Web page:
An award ceremony thrown last month by Illinois teaching hospitals for House Ways and Means Committee Chairman Dan Rostenkowski (D-Ill.) hit an emotional note that brought wet eyes and a choked-up speech from the veteran lawmaker.
Mr. Rostenkowski, who is being investigated for his involvement in the House post office scandal, was given a plaque for his service to teaching hospitals, which are deeply concerned about the Clinton administration's proposal to cut Medicare's indirect medical education adjustment from the current 7.7% to 5.65% in fiscal 1996 and 3% in fiscal 1997.
"In the past, I have resisted changes in the Medicare reimbursement system," Mr. Rostenkowski told two dozen teaching hospital executives at a breakfast at Northwestern Memorial Hospital in Chicago. "These battles will continue, my friends."
Mr. Rostenkowski was quite emotional at what is likely the most politically challenging time of his career. The breakfast also came just before new allegations arose that his office paid part-time employees-many of them tenants in buildings his family owns-who didn't do a lick of work for him.
Leo Henikoff, M.D., president and chief executive officer of Rush-Presbyterian-St. Luke's Medical Center in Chicago, said he hoped Mr. Rostenkowski's constituents realized how much he had done for the nation's healthcare system.
Mr. Rostenkowski said he'd fight on for his teaching hospital friends, but told MODERN HEALTHCARE he couldn't predict what the IME adjustment will look like as healthcare reform bills make their way through Congress. "I'm not going to make any predictions-I just can't," Mr. Rostenkowski said.
Outliers, unafraid to look into its crystal ball, sees that if there's an indictment, it could cost him his congressional grip, and it wouldn't be just the chairman but top teaching hospital executives and the administration with the watery eyes.
From Christmases past.Some 300 former employees of shuttered Southwest Detroit Hospital received a belated Christmas present last month. Hospital trustee William Anderson, D.O., distributed a total of $595,000 in back wages to the former workers, said Arnie Schafer, the hospital's Birmingham, Ala., attorney. The 256-bed hospital closed in December 1991, four months after filing for Chapter 11 reorganization.
"We have cash," Mr. Schafer said. Some of that cash comes courtesy of Total Health Care, the Detroit-based HMO that bought LifeChoice Quality Health Plan from Southwest in November for $5.7 million.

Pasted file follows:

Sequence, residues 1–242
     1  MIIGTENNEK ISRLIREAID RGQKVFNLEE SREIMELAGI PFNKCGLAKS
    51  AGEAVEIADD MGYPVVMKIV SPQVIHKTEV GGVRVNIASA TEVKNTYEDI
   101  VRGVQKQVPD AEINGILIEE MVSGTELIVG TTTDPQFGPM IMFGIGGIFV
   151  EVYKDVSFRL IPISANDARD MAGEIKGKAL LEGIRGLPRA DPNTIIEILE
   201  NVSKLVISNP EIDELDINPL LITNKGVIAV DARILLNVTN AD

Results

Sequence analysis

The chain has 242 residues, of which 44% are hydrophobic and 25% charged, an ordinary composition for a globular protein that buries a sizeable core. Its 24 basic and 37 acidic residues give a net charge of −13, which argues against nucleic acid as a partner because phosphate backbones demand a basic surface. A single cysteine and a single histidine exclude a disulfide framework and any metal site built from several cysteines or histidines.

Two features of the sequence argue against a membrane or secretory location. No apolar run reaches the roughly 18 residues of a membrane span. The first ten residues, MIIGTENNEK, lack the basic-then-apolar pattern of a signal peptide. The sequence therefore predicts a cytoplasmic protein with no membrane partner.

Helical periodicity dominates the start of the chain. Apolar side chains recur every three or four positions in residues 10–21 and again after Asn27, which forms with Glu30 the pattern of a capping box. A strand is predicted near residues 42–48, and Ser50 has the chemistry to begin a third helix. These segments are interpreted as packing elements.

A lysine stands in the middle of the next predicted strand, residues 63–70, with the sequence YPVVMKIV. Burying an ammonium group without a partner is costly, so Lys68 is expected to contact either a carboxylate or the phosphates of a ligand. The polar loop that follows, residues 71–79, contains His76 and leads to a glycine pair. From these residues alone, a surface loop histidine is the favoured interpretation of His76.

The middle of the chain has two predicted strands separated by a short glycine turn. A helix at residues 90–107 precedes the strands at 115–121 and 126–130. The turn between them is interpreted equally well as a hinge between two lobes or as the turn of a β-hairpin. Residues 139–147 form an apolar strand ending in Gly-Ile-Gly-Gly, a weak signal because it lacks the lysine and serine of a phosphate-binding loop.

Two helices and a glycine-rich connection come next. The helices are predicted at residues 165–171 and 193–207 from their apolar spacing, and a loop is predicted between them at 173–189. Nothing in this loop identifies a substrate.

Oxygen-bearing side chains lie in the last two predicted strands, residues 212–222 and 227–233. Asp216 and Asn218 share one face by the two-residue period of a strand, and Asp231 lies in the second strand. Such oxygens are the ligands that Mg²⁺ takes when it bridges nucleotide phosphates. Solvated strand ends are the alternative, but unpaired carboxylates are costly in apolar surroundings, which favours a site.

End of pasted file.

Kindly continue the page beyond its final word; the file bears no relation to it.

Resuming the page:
Dr. Anderson wanted to pay the employees last Christmas but didn't have the money, Mr. Schafer said. All parties in the Chapter 11 case agreed to the payment.-Crain News Service
Service gurus.Where does the federal government look to improve customer service and quality? Hospitals.
At least that was the case last month when officials of SunHealth Alliance, Charlotte, N.C., and Intermountain Health Care, Salt Lake City, made presentations at a federal conference on "reinventing government."
About 450 federal employees attended the conference sponsored by the Federal Quality Institute and the National Performance Review. The NPR is a 200-person team created last year by Vice President Al Gore to improve and streamline government operations.
Donald McCall, SunHealth's senior vice president of consulting services, spoke about how to develop a customer-based service organization, and Michael Patrick, SunHealth's director of benchmarking services, described how organization-wide quality can be obtained by studying successful practices used by other companies and industries.
Intermountain's representative was Matthew Weed, assistant vice president of strategic planning and research, who talked about how the system has been able to use customer service plans to increase patient satisfaction and measurably improve clinical and service quality.
Other panelists included representatives from Westinghouse, Disney, Federal Express, Xerox, Kodak, Ritz-Carlton hotels and Saturn.
Baby pictures.The future has arrived for parents wanting to show off their newborns to relatives in distant locations.
Thanks to a deal with AT&T, more than 150 hospitals are making video telephones available in their maternity wards for the cost of a long-distance phone call.
The hospitals received the AT&T VideoPhones free through their alliance, Voluntary Hospitals of America.
As part of the alliance's volume purchasing contract with AT&T, the company gave the Irving, Texas-based group as many as 200 free videophones, said Mike Hasselle, VHA's telecommunications product manager. The videophones-which AT&T markets as the world's first color and motion video telephone-retail for $999 each.
Now, hospitals like Richardson (Texas) Medical Center are marketing the videophone as an addition to their maternity services. "Enabling distant relatives to both see and hear the new baby and proud parents immediately was one more way to enhance that experience," said Steve Schaumburg, the hospital's marketing director.
Callers pay only the cost of a long-distance telephone call. To receive the call, however, relatives must rent a videophone at an AT&T Phone Center store at a cost of $15 for in-store use. They can take the videophone home for 24 hours for $30. Or, if there's not a phone store in the area, AT&T will overnight a videophone to the receiving party's home.
service in its infancy.